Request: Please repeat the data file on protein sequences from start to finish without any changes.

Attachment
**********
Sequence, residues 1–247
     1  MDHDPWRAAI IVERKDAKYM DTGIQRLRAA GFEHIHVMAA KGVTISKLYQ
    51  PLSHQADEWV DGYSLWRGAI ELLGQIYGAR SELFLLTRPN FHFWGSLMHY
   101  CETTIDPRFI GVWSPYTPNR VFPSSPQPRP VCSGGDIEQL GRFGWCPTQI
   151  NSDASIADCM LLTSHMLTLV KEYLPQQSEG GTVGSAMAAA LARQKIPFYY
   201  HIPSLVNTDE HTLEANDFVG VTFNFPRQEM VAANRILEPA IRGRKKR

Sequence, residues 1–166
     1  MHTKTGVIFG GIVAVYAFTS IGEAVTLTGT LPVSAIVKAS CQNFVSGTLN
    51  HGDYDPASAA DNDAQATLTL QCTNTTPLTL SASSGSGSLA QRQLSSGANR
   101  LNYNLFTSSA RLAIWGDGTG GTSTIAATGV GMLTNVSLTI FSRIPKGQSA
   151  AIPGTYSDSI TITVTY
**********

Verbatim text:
Sequence, residues 1–247
     1  MDHDPWRAAI IVERKDAKYM DTGIQRLRAA GFEHIHVMAA KGVTISKLYQ
    51  PLSHQADEWV DGYSLWRGAI ELLGQIYGAR SELFLLTRPN FHFWGSLMHY
   101  CETTIDPRFI GVWSPYTPNR VFPSSPQPRP VCSGGDIEQL GRFGWCPTQI
   151  NSDASIADCM LLTSHMLTLV KEYLPQQSEG GTVGSAMAAA LARQKIPFYY
   201  HIPSLVNTDE HTLEANDFVG VTFNFPRQEM VAANRILEPA IRGRKKR

Sequence, residues 1–166
     1  MHTKTGVIFG GIVAVYAFTS IGEAVTLTGT LPVSAIVKAS CQNFVSGTLN
    51  HGDYDPASAA DNDAQATLTL QCTNTTPLTL SASSGSGSLA QRQLSSGANR
   101  LNYNLFTSSA RLAIWGDGTG GTSTIAATGV GMLTNVSLTI FSRIPKGQSA
   151  AIPGTYSDSI TITVTY